Since this is a column, and columns are often written from the first-person perspective – with a heavy dose of opinion sprinkled in with the facts – it’s probably best if I begin with an introduction. My name is Jon Svec, and I grew up on a small cherry farm in Blenheim, Ontario. After high school I attended the University of Waterloo where I studied English Language and Literature and also played linebacker for the Waterloo Warriors football team. I later got into coaching, spending five years as the defensive coordinator for the St. Francis Xavier University X-Men in Nova Scotia before falling into the field of journalism.
My first newspaper job was as the editor of the Shellbrook Chronicle, a small independent paper located in northern Saskatchewan. It was there that I learned to appreciate the specific characteristics of true community news. There were no bank robberies in Shellbrook – a town of about 1,300 people – during my tenure at the Chronicle. There were no political scandals, no shootouts, no high-speed chases. What I found in abundance, however, were interesting and unique stories about the people who lived and worked there – ordinary, everyday folks who you wouldn’t give a second glance to on the street, but when given the chance to speak had no shortage of remarkable things to say.
As I worked to hone my craft and learn the profession on the fly, I began to formulate a unique vision of community news – of what it is and what it should be – and I began to realize how vital this service is to any community, no matter how large or small. I refer to it as a “service” because that’s what I see it to be – a vehicle that gives a community a voice, that informs them but also echoes their reactions, that chronicles and records what happens within their municipal borders.
I also learned about the limitations that arise when using ink to put these things down on paper. Such a practice, I found, always led to compromises. Some stories were too long and needed to be cut, certain photographs would have to be chosen over others, and always, always, one needed to make sure that all of the advertisements could fit into their allotted spaces. Throw in the obvious time delay associated with a weekly publication, and the feeling grew even stronger that there had to be a better way.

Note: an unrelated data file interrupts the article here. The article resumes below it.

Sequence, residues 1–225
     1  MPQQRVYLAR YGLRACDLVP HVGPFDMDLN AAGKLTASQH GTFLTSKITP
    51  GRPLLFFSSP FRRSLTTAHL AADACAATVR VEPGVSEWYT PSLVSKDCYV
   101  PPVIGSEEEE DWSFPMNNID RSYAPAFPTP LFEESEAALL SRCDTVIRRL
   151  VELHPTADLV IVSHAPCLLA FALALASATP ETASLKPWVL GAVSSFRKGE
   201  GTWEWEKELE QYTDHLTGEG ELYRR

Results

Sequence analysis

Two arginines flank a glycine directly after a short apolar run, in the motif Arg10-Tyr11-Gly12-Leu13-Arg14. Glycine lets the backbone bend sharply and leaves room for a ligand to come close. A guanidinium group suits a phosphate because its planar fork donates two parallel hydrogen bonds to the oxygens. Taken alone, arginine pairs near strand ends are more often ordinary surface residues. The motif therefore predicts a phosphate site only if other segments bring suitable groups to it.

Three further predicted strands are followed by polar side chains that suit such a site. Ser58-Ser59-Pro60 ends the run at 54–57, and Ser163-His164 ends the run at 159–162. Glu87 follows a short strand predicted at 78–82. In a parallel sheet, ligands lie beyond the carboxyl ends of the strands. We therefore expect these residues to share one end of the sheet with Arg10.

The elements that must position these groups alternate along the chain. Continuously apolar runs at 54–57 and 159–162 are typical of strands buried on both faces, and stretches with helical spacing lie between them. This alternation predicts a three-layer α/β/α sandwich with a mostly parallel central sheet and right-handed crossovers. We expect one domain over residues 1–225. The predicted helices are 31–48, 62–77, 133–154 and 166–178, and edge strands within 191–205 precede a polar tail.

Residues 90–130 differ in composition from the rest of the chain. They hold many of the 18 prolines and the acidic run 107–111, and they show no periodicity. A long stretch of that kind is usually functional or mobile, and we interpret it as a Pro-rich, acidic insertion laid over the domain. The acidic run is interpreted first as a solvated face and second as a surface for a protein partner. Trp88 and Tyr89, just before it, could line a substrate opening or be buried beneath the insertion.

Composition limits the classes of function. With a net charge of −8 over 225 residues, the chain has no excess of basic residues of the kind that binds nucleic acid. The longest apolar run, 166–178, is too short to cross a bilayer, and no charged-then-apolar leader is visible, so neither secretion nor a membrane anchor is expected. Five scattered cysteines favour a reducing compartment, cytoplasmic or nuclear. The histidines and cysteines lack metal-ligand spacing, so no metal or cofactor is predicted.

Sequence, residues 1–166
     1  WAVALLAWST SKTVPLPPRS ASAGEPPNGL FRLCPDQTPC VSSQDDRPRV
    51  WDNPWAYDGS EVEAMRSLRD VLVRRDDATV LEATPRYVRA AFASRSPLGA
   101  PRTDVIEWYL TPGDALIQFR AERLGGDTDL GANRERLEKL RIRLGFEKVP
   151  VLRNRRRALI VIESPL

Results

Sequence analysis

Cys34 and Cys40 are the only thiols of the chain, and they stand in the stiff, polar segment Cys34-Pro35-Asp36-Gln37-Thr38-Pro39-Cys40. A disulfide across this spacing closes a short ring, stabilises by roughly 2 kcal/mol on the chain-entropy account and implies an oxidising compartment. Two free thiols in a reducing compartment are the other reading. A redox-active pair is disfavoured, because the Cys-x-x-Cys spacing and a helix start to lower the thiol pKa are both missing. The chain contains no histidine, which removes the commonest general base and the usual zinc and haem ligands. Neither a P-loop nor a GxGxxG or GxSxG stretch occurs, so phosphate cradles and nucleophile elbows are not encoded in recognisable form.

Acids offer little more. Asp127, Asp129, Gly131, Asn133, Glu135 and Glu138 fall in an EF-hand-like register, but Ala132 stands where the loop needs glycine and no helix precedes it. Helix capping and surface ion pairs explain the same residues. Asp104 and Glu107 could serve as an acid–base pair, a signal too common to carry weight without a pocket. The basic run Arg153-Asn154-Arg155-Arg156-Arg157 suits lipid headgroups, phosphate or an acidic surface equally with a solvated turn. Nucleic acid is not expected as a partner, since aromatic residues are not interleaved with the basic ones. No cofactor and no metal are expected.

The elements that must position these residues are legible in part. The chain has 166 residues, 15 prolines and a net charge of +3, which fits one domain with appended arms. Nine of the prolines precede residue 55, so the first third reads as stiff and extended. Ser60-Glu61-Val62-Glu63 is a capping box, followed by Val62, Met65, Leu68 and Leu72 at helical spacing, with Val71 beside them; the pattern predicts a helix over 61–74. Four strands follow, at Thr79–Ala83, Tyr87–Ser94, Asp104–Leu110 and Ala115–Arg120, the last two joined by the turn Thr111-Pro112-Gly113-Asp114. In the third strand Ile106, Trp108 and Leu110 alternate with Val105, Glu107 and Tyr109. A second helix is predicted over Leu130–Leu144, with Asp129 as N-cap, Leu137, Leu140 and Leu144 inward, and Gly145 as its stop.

After some time in Shellbrook I decided to move on, and I later took a position with the St. Paul Journal, a slightly larger publication in Alberta. In between those two roles I spent some time doing freelance work for the Collingwood Enterprise-Bulletin.
Still, though, this thought persisted, and the limitations and compromises of the traditional newspaper medium continued to weigh me down. As a result, after much thought and planning, the Thornbury Paper was born.
Our goal is to provide the community of Thornbury and the entire Town of the Blue Mountains with a publication that is uniquely their own, that covers the events and the people who live here, and that offers up the very service that I spoke about above. We will do this by using an online format to ensure timely and comprehensive delivery of the stories that make up this community. I look forward to getting to know many of you as we move forward with this exciting project, and I encourage you to contact me at any time if you have an upcoming event or story I should know about.
Thank you for reading, and I hope to see you back here very soon.